Someone important was clearly watching the Star Trek reboot very closely. Because now, in the form of Rise of the Planet of the Apes, there is an attempt to repeat the same magical formula that made JJ Abrams’ movie such a success. Rise performs the same feat, taking a much loved franchise back to the drawing board to suit the needs of a modern audience, all the while respecting its progenitors. If it doesn’t quite capture the joie de vivre of Kirk and Spock’s newly minted escapade, Rise of the Planet of the Apes is still a cut above most blockbusters.
Way back in 1963, Pierre Boulle’s novel Planet of the Apes stoked interest among science fiction fans but Franklin Schaffner’s 1968 adaptation is arguably more famous. Like all great sci-fi movies, it’s not about the futuristic setting but rather what the setting tells us about modern society. In this case, astronaut Charlton Heston’s arrival on a nightmarish planet where apes are placed above humans in the social order strikes a deeply human nerve, disrupting our sense of hierarchy and hinting at some form of regression, reminding us of whence we came. It’s an extraordinary film, even by today’s standards, in which Jerry Goldsmith’s groundbreaking atonal score and even Heston’s jaw-chewing performance become vital components.
The film gave rise to several sequels of varying quality: Beneath the Planet of the Apes (1970); Escape from the Planet of the Apes (1971); Conquest of the Planet of the Apes (1972); and Battle for the Planet of the Apes (1973). There was even time for a TV series, until Tim Burton’s reviled 2001 remake conspicuously drained all the intelligent ideas out of the concept (it’s easily the least ‘Tim Burton’ Tim Burton movie ever made). Luckily, Rise restores a degree of intelligence to the franchise, and in fact re-interprets material already covered in Escape (intelligent apes interacting with human beings on Earth during modern day and falling foul of them).
It makes sense that a modern reboot starts with a grounding in modern concerns, in this case Alzheimer’s. James Franco (in a nicely understated performance) plays a sympathetic scientist who’s on the verge of developing a successful cure for the disease, one which is already affecting his father (played by John Lithgow). After a test on a chimpanzee goes disastrously wrong, resulting in the animal’s tragic execution, Franco takes her baby home and raises it as his own, discovering that the effects of the drug have passed in utero to the infant. Caesar, as he is dubbed, grows up to be no ordinary chimp but one blessed (or cursed) with increased intelligence.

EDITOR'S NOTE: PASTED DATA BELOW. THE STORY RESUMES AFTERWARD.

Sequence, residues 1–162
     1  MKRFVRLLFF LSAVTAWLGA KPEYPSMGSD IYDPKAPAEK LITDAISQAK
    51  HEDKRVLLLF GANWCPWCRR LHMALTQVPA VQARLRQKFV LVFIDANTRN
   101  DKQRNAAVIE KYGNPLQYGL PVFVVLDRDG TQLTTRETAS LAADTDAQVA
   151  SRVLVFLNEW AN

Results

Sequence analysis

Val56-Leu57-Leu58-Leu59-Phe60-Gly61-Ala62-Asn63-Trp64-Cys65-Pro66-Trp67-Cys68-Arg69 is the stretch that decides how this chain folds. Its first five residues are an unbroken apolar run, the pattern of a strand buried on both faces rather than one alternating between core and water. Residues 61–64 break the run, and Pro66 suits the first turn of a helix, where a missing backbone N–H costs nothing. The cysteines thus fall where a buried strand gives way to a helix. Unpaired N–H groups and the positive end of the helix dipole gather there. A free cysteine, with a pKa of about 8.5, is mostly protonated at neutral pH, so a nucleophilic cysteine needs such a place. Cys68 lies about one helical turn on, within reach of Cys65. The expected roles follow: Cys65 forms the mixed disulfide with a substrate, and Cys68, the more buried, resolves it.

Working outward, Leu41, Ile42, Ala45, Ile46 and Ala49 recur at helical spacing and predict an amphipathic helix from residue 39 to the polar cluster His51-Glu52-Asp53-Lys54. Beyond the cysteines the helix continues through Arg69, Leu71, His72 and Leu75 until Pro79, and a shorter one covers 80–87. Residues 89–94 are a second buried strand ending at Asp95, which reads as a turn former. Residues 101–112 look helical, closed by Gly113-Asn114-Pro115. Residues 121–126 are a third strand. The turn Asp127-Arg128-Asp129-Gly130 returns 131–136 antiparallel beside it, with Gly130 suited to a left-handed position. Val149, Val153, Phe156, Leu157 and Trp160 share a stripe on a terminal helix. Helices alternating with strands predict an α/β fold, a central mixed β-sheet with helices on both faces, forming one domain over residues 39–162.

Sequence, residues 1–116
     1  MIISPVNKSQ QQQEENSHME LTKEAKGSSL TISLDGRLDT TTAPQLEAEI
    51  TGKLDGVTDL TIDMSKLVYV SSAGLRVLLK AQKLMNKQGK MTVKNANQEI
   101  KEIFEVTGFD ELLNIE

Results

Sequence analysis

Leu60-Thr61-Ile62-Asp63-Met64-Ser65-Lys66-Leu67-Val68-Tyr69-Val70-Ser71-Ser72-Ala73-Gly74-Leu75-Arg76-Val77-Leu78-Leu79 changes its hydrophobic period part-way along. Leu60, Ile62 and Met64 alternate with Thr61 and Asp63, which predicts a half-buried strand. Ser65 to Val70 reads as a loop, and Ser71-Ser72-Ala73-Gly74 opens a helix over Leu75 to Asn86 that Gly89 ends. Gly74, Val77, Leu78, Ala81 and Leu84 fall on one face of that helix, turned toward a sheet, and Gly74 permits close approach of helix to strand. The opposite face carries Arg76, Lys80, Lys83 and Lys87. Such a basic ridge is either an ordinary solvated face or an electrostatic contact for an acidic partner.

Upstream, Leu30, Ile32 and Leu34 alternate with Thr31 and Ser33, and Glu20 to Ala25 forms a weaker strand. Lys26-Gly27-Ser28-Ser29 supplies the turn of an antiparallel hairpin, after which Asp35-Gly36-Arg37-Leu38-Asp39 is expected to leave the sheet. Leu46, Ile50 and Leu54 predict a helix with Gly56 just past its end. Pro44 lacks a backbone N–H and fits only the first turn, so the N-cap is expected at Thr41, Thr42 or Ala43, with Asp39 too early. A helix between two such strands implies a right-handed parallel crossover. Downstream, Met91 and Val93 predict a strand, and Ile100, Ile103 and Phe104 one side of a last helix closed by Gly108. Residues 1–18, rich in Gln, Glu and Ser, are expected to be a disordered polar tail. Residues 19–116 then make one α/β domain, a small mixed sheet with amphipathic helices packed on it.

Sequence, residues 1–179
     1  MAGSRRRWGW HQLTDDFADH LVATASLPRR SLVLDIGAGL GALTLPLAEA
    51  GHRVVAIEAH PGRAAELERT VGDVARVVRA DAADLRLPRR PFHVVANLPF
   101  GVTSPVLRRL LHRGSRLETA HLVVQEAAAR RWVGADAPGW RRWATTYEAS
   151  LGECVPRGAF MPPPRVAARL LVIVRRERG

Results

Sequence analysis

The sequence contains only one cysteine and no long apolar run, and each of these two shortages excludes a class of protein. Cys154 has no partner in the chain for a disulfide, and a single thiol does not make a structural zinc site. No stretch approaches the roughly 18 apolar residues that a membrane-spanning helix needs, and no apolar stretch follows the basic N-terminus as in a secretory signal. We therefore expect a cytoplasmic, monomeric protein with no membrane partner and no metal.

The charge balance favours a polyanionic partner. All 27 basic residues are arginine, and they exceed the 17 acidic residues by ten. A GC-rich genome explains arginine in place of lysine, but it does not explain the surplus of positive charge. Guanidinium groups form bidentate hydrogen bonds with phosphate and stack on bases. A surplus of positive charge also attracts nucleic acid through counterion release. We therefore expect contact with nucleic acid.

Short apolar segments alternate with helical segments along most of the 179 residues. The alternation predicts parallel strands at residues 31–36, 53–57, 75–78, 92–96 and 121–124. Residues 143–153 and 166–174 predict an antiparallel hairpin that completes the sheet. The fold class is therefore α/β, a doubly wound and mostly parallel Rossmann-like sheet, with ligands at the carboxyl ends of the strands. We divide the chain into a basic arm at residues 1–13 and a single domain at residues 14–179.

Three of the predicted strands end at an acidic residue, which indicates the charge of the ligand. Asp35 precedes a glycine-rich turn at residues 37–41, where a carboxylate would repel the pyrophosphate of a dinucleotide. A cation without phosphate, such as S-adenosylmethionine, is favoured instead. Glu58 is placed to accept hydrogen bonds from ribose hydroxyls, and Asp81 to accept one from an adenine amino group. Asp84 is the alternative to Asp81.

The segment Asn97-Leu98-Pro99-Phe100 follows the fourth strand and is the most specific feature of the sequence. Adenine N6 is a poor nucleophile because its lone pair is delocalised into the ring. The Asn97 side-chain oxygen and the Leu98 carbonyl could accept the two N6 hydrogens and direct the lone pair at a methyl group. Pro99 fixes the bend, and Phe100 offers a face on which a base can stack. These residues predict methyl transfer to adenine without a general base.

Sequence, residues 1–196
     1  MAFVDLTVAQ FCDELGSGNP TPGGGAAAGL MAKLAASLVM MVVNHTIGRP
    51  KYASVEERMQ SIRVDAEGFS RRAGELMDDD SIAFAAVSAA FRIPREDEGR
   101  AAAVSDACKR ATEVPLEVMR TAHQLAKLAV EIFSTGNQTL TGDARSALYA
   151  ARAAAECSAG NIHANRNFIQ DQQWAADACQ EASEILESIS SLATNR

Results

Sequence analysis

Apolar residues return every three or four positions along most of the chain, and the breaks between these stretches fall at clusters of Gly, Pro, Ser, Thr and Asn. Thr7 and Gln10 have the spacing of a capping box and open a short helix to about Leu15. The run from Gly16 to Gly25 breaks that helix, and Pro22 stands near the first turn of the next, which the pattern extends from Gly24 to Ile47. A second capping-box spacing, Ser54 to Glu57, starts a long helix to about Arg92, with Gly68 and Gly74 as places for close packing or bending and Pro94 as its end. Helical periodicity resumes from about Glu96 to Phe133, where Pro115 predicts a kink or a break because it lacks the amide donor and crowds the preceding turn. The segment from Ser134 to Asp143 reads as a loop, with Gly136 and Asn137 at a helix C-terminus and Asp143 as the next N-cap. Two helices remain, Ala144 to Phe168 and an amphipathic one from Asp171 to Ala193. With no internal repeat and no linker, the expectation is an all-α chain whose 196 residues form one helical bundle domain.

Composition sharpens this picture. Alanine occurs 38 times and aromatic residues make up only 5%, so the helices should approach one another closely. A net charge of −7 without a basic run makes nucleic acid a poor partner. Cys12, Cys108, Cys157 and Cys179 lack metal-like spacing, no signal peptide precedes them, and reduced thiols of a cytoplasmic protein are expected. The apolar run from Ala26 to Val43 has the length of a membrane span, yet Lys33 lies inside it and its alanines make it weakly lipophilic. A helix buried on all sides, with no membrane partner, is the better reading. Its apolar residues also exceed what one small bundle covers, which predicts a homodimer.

Caesar himself is the film’s most astonishing achievement and, ironically enough, its most engaging character. As brought to life by WETA Digital’s remarkable motion capture effects and Andy Serkis’ beautifully nuanced performance, Caesar doesn’t just feel like a CGI avatar. There’s a real sense of human emotion contained within the volatile, animalistic whole, a seething mass of contradictions capable of both primal violence and deep-seated compassion. It’s all in Serkis’ eyes, the slightest muscle movements in his face, the movement of his mouth – there’s no rubbery, putty make-up here, groundbreaking as it was in the earlier films.
It’s just a shame that the writing falls down when it centers on the human beings, particularly the secondary characters, most of whom fit the most patronising, annoying archetypes. When Caesar is sent to a brutal primate facility following a violent altercation with a neighbour (events which set in motion Earth’s eventual fate), he is routinely abused by Tom Felton (or is it Draco Malfoy?) who is so ‘eeevil’ he might as well have a Mike Myers style finger raised to his lip. Even more damning is the sense that Freida Pinto (as Franco’s girlfriend) and Brian Cox (as Felton’s corrupt father) could be lifted out of the film and no-one would even notice. Outside of Franco’s quiet turn, the human factor is lacking, something which the first Planet of the Apes certainly was not guilty of (one of its great strengths was its examination of both human and ape).
No, the film is best when centering on our simian counterparts, and as Caesar plots the eventual revolution that will eventually overtake Earth, director Rupert Wyatt (The Escapist) proves himself a cracking director of action. Blending nimble camera moves with a faultless blend of effects and live action, this is the moment that Rise finally lives up to its billing, revelling in familiar images of old (apes on horseback) and yet re-orchestrating them, setting up what will inevitably be the first of a new franchise, with its own timeline.
Consequently, there’s a degree of carrot dangling going on, with several plot threads left unresolved in an attempt to leave audiences hanging until the sequel (the same issue blighted X Men: First Class). However, that’s not to diminish the numerous strengths of Wyatt’s film. While Rise of the Planet of the Apes is neither a masterpiece, nor up to the level of The Escapist (one of the most gripping British films of recent years), it nevertheless demonstrates enough intelligence to rise above many recent examples of blockbuster cinema.